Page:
The Hunger Games by Suzanne Collins

January 5, 2010

Read by Carolyn McCormick

Scholastic Audiobooks, 2008

Finished: January 3, 2010

Source: book blog

Genre: dystopic YA survival novel

On the Scales: middleweight, heavy hitter

I listened to this with Der Mann over the holidays.  We were riveted.  Sometimes a particular reader can make a good book excellent by crystalizing awkward phrases, imbuing cheesy melodrama with sincerity, smoothing a limping pace.  It doesn’t even have to be the greatest reader, just one who has the right feel for the book.  So I’m left not knowing for sure whether The Hunger Games is as great as I think it was, but . . . probably.

If my guess is right, Suzanne Collins first asked herself the very good question, “What did it feel like to be a tribute from a conquered land, arriving in Rome to alleviate the boredom and plump the egos of a bloodthirsty ruling class?”  Then she brilliantly transferred the whole thought experiment to a dystopic future North America, where instead of the late Roman Empire at its corrupt peak, we find the corrupt media / political empire of Panem.

The story isn’t about Panem, which to the desperately poor residents of the 12 districts is only as real as the extravaganza known as the Hunger Games.  (The Games have been going on for several generations–since the last time one of the districts revolted against the capital.)  It is about what daily life has been like for Katniss Everdeen, poacher, and how that affects her stint as a tribute.

The Hunger Games are reality TV taken to its logical extreme.  Every year, 24 teenaged tributes are chosen by lot to compete (and in 23 cases out of 24 die) in an engineered wilderness. As a humiliation a lurking under an honor, and a threat lurking under a reward, the Games are required viewing for the residents of the districts.  They are the raison d’etre for a bevy of stylists, technicians, gamblers, commentators and rabid fans in the capital.  Like everything else in the life of a subject Panemite, they are subtly rigged.

If you want to take it as a social issues novel, you can.  Say it’s about the objectification of suffering by a juggernaut entertainment industry–and the callous sense of entitlement the industry breeds in those it entertains.  It reminds me of M.T Andersen’s Feed that way.  Feed was both funnier (the saving grace of nightmare dystopias–Brave New World, for example), and crueler than this book.  That is because at its honest heart, The Hunger Games is a yarn.

It’s what I love about it.  Katniss makes a great main character.  She’s herself, not a prism for an idea; logical without being cold; strong without being a plucky feminist cliché; aware of the injustice of her society without being a prig or a martyr (well, a little bit of a martyr).  She’s also pretty dim about A GLARING ASPECT of her own emotions, but that’s a tried-and-true quality of main characters in yarns.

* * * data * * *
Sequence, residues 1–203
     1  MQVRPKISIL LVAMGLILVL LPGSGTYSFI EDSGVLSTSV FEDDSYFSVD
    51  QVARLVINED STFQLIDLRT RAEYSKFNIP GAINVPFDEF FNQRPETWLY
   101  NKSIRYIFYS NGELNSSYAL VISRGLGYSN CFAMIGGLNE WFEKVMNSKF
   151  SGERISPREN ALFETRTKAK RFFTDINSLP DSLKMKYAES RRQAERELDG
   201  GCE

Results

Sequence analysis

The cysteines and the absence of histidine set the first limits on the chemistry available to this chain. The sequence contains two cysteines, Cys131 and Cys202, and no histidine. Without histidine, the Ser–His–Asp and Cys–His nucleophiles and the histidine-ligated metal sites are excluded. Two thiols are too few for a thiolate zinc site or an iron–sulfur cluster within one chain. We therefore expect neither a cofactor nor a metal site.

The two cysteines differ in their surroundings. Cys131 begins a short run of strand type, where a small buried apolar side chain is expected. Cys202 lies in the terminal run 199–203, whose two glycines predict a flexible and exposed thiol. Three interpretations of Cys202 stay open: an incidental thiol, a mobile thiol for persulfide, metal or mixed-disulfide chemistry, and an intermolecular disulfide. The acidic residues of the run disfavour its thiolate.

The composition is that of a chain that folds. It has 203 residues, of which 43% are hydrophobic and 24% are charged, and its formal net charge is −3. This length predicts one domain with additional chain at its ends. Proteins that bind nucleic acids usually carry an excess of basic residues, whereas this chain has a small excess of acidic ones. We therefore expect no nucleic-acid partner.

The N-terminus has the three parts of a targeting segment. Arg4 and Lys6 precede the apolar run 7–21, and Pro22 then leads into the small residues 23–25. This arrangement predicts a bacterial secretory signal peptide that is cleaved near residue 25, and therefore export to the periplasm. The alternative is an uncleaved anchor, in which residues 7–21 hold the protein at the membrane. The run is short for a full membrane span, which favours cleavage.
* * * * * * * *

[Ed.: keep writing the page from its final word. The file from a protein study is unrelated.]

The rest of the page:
The story is like that all over.  It’s not wildly original, and yet it goes right all the places it could go wrong.  Collins gives us intriguing side characters (Cina, the baker, Hamish) when stock characters would suffice.  Her descriptive details are surprising where they could be conventional.  She takes care to give us the right word, the introspective moment, the unexpected image.  Lesser authors would give in to the temptation to linger over the flash-backs to district 12, but she keeps up the pace.

It’s almost a given with a survival novel, but I was a little disappointed by the ending. There were several ways it could go, and Collins took the bittersweet route.  I wanted a bigger bang.  Something less kindly.  I was also just a little skeptical of the hunting descriptions, but maybe I don’t really need to know if Katniss’ performance with the bow was realistic, or how she made her snares.

My only objection to the reading was the accent used for the residents of the capital, who sounded “silly” to the residents of Appalachian district twelve.  By her description, I think Collins was going for a sort of ditzy upspeak.  Ms. McCormick whipped up a strange mixture of chi-chi Manhattanite and Brit.  The American convention of English accents–without even differentiating between kinds of English accents–all being unspeakably uppity and effeminate has always irritated me.  What I really would have loved is to hear Katniss and Peeta with a bit of an Appalachian twang.  It’s a minor gripe.

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3 Responses to “The Hunger Games by Suzanne Collins”

  1. Jenny said

    Have you read the sequel yet? It’s not as good (I think) but it definitely ends with the kind of BANG you may have been after in this one.

    Hooray for you getting a blog, btw. I’m really enjoying your reviews!

  2. trapunto said

    Thanks! I haven’t read the sequel, but I’m on the library queue.

  3. […] 31, 2010 sequel to The Hunger Games Read by Carolyn McCormick Scholastic audiobooks, 2009 Finished: late march 2010 Source: the aether […]

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